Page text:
Wednesday, February 24, 2016

ObamaCare Exchanges give Providers Higher profits.

Update: The media played up UnitedHealth Groups publicity seeking threat to leave the ObamaCare Exchanges because they couldn't make as much money as they thought, boohoo, but as you can see here, they've been whining for some time.
Insurance giant UnitedHealth Group seemingly took another step closer to bailing out of Obamacare in 2017 ... UnitedHealth Group is the master of health care for profit. In 2004, United’s CEO William McGuire (an MD, woefully enough), received compensation of $125 million, obtained, you may be sure, by tens of thousands of denials .... UnitedHealth and CIGNA, funneled $86.2 million into the U.S. Chamber of Commerce in 2009 to pay for the Chamber’s multifaceted campaign to kill President Obama’s health reform legislation.
UnitedHealth Group was never a big player in the exchanges. Those that are do well. Insurers are making more in Wisconsin because the Walker administration isn't trying to control premium increases like other states...Minnesota is one. 

ObamaCare Marketplace Health Care Providers Profits Up: Providers are doing well, patients are doing well, so there's a lot to celebrate in southeastern Wisconsin. Remember, these are providers not insurers. JS Guy Boulton:
Health systems in the Milwaukee area have seen a sharp increase in profits since the expansion of health insurance through the Affordable Care Act. So far, the law has helped the bottom lines of health systems in the Milwaukee area. The same trend overall can be seen throughout the country. A key reason: Health systems are providing less charity care and incurring fewer bad debts. A slew of other factors — including health systems' work to control costs and become more efficient — contributed to the increase in profits in the Milwaukee area. Still, the numbers are telling:
■ Aurora Health Care's operating income was up 221% in 2014, increasing to $503 million from $156.8 million in 2013. For the first nine months of 2015, operating income fell slightly to $337.5 million when compared with the same period in 2014. But that was more than triple the operating income of $92.4 million reported for the first nine months of 2013.■ Wheaton Franciscan Healthcare's operating income was up 158%, increasing to $69.2 million compared with $26.8 million in its 2014 fiscal year.■ ProHealth Care's operating income was up 125%, increasing to $37.8 million compared with $16.8 million for its 2014 fiscal year.■ Froedtert Health's operating income was up 79%, increasing to $149 million compared with $83.4 million in its 2014 fiscal year.■ Columbia St. Mary's operating income was up 26%, increasing to $26.1 million compared with $20.7 million in its 2013 fiscal year.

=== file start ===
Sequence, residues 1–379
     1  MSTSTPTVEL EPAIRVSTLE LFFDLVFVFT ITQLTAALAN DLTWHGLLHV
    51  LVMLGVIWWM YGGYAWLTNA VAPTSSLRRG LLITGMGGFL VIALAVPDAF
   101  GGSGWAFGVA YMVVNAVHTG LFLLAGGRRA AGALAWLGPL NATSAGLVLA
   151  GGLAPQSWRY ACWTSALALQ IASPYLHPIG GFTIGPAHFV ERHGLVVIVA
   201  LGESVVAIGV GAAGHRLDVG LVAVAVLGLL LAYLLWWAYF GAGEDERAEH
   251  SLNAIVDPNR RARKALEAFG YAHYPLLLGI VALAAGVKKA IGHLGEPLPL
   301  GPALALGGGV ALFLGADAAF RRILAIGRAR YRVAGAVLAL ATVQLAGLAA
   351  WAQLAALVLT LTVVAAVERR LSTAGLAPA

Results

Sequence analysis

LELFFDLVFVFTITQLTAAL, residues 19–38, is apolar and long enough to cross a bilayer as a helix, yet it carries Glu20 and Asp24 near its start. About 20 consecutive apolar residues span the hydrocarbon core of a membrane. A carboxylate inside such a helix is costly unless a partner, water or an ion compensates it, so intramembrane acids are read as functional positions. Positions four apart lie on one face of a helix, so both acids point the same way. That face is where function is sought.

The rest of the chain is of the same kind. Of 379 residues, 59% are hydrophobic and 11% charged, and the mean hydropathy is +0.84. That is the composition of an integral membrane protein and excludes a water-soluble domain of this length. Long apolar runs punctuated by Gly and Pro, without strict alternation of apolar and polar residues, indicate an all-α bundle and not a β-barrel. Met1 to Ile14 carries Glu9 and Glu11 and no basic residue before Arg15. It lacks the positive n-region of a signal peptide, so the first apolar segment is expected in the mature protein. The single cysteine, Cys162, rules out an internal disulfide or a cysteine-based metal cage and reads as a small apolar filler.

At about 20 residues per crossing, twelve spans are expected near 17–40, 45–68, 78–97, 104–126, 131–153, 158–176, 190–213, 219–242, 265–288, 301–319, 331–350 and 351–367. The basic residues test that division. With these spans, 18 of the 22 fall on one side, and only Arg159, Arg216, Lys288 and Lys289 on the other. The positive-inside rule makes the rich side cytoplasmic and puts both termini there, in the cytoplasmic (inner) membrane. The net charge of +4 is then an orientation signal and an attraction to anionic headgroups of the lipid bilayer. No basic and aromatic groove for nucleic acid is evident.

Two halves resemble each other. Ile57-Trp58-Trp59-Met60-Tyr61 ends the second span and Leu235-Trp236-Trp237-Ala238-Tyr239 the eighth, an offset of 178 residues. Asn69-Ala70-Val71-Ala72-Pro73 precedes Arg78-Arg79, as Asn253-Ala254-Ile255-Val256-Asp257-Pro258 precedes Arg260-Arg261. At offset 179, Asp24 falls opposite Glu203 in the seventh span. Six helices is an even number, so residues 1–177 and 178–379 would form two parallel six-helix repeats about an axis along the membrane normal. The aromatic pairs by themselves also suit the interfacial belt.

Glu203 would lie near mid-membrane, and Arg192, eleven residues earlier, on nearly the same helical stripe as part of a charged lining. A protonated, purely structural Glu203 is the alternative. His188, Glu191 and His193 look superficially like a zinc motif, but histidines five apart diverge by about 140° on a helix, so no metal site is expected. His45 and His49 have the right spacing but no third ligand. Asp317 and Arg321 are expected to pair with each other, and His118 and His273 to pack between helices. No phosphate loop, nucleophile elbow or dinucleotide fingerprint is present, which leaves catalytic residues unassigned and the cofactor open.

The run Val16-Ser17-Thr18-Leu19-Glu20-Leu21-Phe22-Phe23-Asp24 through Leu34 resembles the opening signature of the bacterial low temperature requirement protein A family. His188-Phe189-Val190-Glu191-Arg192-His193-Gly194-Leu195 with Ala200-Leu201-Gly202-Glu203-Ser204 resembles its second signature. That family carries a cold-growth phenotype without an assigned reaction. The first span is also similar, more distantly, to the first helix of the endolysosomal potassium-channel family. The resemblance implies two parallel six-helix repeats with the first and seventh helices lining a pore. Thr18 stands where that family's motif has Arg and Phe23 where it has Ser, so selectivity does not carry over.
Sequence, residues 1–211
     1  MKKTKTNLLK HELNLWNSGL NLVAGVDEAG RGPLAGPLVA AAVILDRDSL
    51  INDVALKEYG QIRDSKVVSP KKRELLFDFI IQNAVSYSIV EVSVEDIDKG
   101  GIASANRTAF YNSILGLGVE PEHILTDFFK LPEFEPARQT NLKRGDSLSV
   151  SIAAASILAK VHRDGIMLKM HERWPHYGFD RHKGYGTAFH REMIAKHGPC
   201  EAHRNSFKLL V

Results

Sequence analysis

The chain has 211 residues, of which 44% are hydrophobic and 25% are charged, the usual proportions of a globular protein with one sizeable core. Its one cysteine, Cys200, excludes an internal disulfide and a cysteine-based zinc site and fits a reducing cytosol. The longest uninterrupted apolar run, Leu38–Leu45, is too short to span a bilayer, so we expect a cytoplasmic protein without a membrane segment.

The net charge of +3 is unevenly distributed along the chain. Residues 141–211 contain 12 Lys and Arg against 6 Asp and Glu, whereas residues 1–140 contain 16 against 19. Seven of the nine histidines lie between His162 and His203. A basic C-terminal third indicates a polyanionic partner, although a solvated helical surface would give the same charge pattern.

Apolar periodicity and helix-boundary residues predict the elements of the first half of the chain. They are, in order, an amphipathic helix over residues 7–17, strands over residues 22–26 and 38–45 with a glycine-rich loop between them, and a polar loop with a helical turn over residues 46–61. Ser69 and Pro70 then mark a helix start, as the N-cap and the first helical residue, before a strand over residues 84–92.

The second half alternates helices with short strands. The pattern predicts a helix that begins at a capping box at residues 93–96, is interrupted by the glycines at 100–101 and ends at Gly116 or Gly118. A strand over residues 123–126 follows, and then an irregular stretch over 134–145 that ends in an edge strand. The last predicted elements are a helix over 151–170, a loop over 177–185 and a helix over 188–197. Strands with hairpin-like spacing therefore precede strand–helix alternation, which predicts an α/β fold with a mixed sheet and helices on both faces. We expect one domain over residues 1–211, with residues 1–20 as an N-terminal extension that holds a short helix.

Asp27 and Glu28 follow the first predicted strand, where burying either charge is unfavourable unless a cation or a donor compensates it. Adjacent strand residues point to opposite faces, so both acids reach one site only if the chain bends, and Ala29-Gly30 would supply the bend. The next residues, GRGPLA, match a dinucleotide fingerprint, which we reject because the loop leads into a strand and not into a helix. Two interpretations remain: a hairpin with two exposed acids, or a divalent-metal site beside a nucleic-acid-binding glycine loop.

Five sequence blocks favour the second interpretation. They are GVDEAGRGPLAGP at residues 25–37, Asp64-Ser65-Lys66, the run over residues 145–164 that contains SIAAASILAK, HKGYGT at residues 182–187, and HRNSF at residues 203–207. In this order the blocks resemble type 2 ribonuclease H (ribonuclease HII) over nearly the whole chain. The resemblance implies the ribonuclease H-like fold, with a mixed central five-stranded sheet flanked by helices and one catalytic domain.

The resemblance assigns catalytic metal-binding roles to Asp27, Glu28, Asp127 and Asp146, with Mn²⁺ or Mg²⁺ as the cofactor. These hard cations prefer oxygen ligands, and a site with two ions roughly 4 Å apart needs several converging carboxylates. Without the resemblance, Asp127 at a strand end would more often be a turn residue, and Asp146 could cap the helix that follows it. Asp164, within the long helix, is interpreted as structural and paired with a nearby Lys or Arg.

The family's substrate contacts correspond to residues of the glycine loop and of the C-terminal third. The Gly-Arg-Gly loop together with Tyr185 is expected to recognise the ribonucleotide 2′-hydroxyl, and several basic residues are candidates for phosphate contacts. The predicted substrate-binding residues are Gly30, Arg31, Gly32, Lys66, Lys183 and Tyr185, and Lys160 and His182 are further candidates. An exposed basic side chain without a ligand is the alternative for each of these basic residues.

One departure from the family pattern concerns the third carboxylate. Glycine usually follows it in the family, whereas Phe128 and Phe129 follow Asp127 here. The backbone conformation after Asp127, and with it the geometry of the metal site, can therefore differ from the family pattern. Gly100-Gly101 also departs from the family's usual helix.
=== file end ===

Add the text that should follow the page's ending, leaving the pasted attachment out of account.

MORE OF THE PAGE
At least some of those gains have come from the increase in people with health insurance, either through the subsidized health plans sold on the federal marketplaces or the state's partial expansion of its Medicaid program. For example:
■ Froedtert Health's bad debt expense fell by $40.2 million, to $33.2 million, while the cost of providing charity care fell by $14.2 million, to $7.6 million.■ Wheaton Franciscan's bad debt expense fell by $29.6 million, to $44.9 million, while the cost of providing charity care fell by $15 million, to $34.5 million.
At the same time, the health systems are seeing more patients, in part because people previously uninsured are likely to schedule an appointment with a doctor. Many people who have gained coverage have commercial insurance, which pays higher rates.
While Republican health care plans focus on supposed free market principles that maintain the expensive and abuse prone fee-for service model, real reform in logically moving away from that:
Health systems also are preparing for the expected move away from so-called fee-for-service — in which they are paid based on the services they provide — to new payment models that could put more focus on costs and quality.

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